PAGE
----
The 50 Numismas banknote, printed with the image of chicken, is imported from Australia and sold in Asian cities as “lucky money” for the Lunar New Year 2017. — VNS File Photo
HCM CITY – The popular practice of exchanging new or special banknotes for a fee kicked off several weeks ago in many big cities, with one month to go before the start of Tết (Lunar New Year).
Every year, people use new or special banknotes as “lucky money” or charity offerings when they visit the pagoda during the Lunar New Year holiday.
Weeks before Tết, families begin to prepare for the tradition by buying new or special banknotes.
The notes are often freely exchanged by banks, but due to high demand, services in the black market have become even busier.
The note-exchange services are often also offered near pagodas, but this year social media networks like Facebook have become popular destinations as well.
Buyers can easily find websites online offering the services. Notes in high demand are those of smaller denominations, such as VNĐ500, VNĐ1,000, VNĐ2,000, VNĐ 5,000 and VNĐ10,000.
The website www.doitienmoi.net, which offers a new money-exchange service, has told customers that it now has enough new money for all notes from VNĐ500 to VNĐ200,000 (US$8.7), with a service charge ranging from 0.6 per cent to 50 per cent (for notes of VNĐ500).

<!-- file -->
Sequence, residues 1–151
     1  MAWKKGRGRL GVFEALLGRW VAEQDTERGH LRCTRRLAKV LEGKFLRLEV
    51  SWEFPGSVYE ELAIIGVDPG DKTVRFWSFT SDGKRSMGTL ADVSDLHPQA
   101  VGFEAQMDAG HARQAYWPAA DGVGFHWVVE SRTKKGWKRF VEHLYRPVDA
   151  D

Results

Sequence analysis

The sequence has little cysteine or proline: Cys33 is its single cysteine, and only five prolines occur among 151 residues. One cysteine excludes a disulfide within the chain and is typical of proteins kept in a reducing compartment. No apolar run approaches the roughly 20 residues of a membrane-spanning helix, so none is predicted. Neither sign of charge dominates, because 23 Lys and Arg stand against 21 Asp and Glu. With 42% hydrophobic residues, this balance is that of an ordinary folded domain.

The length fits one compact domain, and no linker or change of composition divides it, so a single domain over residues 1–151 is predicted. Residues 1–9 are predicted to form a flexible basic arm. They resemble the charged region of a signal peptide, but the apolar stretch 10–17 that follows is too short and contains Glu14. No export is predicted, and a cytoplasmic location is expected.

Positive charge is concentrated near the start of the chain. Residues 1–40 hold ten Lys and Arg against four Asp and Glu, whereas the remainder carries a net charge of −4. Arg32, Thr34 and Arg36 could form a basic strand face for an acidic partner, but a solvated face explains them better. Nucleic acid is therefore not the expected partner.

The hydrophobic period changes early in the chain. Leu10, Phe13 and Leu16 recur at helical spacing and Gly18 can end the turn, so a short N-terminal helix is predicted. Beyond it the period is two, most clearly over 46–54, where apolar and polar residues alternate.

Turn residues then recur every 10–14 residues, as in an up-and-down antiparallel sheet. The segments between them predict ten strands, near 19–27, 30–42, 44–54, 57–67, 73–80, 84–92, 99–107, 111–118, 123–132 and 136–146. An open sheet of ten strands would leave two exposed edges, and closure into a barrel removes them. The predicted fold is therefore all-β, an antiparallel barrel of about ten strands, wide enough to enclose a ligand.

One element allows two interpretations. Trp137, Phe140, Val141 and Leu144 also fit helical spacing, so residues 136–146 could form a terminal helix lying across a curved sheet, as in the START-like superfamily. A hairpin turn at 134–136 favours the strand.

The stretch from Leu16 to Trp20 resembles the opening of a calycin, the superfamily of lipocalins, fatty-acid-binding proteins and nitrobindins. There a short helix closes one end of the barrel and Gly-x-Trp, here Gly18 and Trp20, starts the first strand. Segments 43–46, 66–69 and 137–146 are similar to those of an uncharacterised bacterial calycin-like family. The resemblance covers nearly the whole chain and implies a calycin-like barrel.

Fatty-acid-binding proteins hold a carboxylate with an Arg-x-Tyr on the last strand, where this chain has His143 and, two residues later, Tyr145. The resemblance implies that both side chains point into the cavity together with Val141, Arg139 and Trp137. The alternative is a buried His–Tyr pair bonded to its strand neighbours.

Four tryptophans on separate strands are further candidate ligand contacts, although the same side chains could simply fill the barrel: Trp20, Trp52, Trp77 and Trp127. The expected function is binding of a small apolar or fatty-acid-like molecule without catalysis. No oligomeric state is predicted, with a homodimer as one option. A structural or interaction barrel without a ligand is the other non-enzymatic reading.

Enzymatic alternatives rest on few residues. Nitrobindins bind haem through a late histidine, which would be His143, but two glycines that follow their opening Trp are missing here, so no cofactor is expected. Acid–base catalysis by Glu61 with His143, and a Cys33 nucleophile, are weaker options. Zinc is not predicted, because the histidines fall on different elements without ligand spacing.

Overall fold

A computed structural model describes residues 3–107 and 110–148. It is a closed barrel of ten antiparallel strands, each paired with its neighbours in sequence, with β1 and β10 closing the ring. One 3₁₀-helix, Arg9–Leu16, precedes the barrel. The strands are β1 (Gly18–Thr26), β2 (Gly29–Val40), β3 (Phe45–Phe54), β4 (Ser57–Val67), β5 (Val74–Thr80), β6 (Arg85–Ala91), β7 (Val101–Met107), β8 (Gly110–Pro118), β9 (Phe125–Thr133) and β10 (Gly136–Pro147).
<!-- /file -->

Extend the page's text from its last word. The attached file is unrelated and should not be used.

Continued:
The website offers its services in all provinces and cities in the southern region.
In HCM City’s Tân Bình District, a store representative said it had run out of VNĐ500 notes, but VNĐ10,000 and VNĐ20,000 notes were still available.
Notes of VNĐ50,000 will be available in about a week or so, it said. The store charges a 10-15 per cent fee for its services.
Meanwhile, on Facebook, similar services exchange foreign currency, with the most popular item of US$2 note.
This year, demand has increased greatly for $2 notes printed with an image of a chicken – the zodiac animal for Lunar New Year 2017.
A Facebooker, who began receiving orders for notes last Saturday, said the $2 notes with an image of a chicken sell for about VNĐ450,000 ($20).
An Australian coin with an image of Queen Elizabeth II and one with an image of chicken are also in high demand. The price is VNĐ200,000 for a gold coin and VNĐ150,000 for a silver coin.
Although the services have become even more popular this year, they remain illegal.
Nguyễn Hoàng Minh, deputy director of the HCM City branch for the State Bank of Việt Nam, said that banks could exchange notes freely if notes were ruined and could not be used.
However, he said that all money exchange activities with fees were not allowed.
Minh said that demand for new money peaked near the end of the year and up to Tết.
He said the central bank had told its branches in cities and provinces to educate people about saving small notes to use at Lunar New Year or when visiting pagodas and temples.
The bank has said it would supervise and punish cases that involve illegal exchanges of money at pagodas, festivals or online websites.
Đào Minh Tú, deputy governor of the State Bank of Việt Nam, was quoted as saying in Thanh Niên (Young People) newspaper that anyone engaging in illegal exchanges would be fined VNĐ20-40 million under Decision 96 of the Government.
This is the fourth consecutive year that the bank has not printed new small notes to meet demand at Lunar New Year, according to Tú. — VNS